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PARCC testing myths put unfair pressure on parents and kids

Retired teacher Carol Hays hands out flyers to students that explain how to refuse to take the PARCC test outside Walsh Elementary School. | Santiago Covarrubias/For the Sun-Times

Follow @csteditorialsTo get students to take a state standardized test known as PARCC, some Chicago Public Schools principals used alternative facts.

For example, as Sun-Times education reporter Lauren FitzPatrick reported last weekend, one elementary school principal sent a note to parents, telling them that “given the financial stress the system is under and the district’s expressed desire to cut the number of tests given to students, there is a distinct possibility that PARCC will become the test of record for the selective-enrollment process next year.”

This was not true.

What really happens if parents decide their kids won’t be taking the test? CPS, the state and federal government get an incomplete picture of how much additional support kids need to succeed in the classroom. The more kids in grades 3 through 8 who take it, the better. In the past the federal government has threatened to withhold money if less than 95 percent of students in each state took mandated tests.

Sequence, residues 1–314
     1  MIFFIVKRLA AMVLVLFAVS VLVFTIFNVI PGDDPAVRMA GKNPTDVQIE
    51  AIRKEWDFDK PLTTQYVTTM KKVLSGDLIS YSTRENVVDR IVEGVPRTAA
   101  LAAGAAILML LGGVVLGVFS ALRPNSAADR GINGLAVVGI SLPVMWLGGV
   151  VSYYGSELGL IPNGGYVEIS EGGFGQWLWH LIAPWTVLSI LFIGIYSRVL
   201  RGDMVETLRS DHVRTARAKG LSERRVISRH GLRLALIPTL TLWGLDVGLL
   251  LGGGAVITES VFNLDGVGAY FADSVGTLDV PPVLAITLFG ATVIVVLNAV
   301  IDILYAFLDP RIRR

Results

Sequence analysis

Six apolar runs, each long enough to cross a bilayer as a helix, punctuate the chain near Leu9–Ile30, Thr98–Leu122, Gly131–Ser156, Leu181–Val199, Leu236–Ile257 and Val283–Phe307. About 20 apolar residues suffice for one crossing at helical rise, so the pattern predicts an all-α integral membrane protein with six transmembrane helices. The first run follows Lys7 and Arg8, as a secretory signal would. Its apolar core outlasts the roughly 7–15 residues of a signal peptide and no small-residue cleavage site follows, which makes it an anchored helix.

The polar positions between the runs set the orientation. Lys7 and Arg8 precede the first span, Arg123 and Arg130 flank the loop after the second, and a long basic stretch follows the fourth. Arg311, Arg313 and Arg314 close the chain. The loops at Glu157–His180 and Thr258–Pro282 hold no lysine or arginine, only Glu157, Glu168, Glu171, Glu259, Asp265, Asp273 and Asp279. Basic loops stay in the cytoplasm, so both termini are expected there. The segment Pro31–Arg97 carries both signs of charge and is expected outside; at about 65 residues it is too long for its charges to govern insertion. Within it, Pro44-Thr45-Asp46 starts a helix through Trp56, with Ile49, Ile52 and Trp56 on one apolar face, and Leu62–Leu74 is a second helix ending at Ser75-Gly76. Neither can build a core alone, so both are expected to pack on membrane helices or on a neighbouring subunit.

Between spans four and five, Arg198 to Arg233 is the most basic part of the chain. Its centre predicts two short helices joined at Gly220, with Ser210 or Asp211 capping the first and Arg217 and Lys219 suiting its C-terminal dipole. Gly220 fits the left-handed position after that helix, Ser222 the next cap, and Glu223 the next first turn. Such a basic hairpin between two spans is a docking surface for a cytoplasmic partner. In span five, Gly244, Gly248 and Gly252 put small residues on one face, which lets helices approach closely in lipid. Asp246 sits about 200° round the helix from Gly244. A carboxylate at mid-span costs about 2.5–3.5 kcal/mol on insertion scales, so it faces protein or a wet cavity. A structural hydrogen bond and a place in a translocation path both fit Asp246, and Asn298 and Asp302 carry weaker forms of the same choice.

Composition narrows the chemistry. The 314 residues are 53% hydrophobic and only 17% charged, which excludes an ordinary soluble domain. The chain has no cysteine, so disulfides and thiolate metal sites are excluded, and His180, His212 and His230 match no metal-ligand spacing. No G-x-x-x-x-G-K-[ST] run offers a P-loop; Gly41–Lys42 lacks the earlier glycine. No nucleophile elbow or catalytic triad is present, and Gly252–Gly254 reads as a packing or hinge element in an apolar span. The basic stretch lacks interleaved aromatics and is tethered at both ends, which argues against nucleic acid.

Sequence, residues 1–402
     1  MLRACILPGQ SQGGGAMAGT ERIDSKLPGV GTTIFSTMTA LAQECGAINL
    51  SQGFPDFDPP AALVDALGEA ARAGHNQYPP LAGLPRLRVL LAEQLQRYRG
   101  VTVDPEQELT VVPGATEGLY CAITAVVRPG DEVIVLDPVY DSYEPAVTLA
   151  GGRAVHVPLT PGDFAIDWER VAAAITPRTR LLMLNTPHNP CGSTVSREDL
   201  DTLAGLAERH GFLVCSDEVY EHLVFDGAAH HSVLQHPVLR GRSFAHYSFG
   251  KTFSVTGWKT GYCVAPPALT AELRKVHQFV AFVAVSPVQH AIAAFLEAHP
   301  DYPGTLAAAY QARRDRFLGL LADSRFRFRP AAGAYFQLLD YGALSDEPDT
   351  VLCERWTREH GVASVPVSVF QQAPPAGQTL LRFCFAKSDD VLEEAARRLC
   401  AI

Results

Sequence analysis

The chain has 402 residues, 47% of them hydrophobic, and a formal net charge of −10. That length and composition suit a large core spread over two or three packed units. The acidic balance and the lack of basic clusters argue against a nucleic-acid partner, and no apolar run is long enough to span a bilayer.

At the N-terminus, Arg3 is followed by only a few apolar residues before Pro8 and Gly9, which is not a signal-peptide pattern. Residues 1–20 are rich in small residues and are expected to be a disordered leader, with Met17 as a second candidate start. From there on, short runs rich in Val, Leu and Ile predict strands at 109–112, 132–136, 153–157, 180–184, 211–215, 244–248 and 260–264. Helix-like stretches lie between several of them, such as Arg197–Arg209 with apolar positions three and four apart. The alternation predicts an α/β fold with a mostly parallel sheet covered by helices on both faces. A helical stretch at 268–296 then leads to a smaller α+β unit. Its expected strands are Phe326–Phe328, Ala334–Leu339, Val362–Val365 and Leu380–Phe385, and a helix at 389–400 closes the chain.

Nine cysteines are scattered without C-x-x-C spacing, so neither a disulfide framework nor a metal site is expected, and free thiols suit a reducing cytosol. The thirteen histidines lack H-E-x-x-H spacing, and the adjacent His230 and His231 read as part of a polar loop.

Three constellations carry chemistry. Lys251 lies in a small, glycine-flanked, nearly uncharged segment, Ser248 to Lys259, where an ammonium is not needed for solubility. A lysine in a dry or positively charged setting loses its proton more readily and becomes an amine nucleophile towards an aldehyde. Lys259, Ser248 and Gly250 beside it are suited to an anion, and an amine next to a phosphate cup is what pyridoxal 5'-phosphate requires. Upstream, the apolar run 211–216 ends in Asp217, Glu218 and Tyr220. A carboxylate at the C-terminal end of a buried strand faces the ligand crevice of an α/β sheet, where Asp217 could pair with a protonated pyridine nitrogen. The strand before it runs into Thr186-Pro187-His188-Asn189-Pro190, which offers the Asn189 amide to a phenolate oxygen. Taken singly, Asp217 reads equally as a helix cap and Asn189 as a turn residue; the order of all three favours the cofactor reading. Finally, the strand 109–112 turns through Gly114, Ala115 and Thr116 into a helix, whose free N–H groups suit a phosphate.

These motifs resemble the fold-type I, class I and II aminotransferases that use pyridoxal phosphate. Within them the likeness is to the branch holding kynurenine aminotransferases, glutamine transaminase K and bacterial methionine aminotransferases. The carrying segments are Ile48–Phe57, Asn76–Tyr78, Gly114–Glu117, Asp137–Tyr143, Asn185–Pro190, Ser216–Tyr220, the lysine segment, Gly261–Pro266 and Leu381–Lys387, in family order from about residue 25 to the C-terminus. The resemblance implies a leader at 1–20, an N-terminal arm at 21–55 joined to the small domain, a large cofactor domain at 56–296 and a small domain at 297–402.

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Nevertheless, kids can opt out. And parents who think kids are subjected to too much standardized testing have yanked their kids from the PARCC test since the state rolled out the exam two years ago.

But the opt-out process has been bungled by the state and, in turn, school districts.

From the start, the onus has been put on kids at many schools. Parents can’t excuse their children ahead of time. Nine-year-olds have been put in the scary position of defying teachers.

Some administrators apparently play loose with the truth to get kids and parents to opt in. That tells you how much pressure CPS places on teachers, and how much pressure the state puts on school districts, to get kids to take the test.

State Rep. Mary E. Flowers of Chicago had a remedy with a bill that would have forced the State Board of Education to come up with a form to allow parents to opt out on kids’ behalf. Her bill, which did not advance in the House on Wednesday, went too far by allowing high school students to opt out of essential college readiness exams, such as the SAT.

Flowers should try again. Give parents a way to opt out of PARCC. Let the buck stop there.

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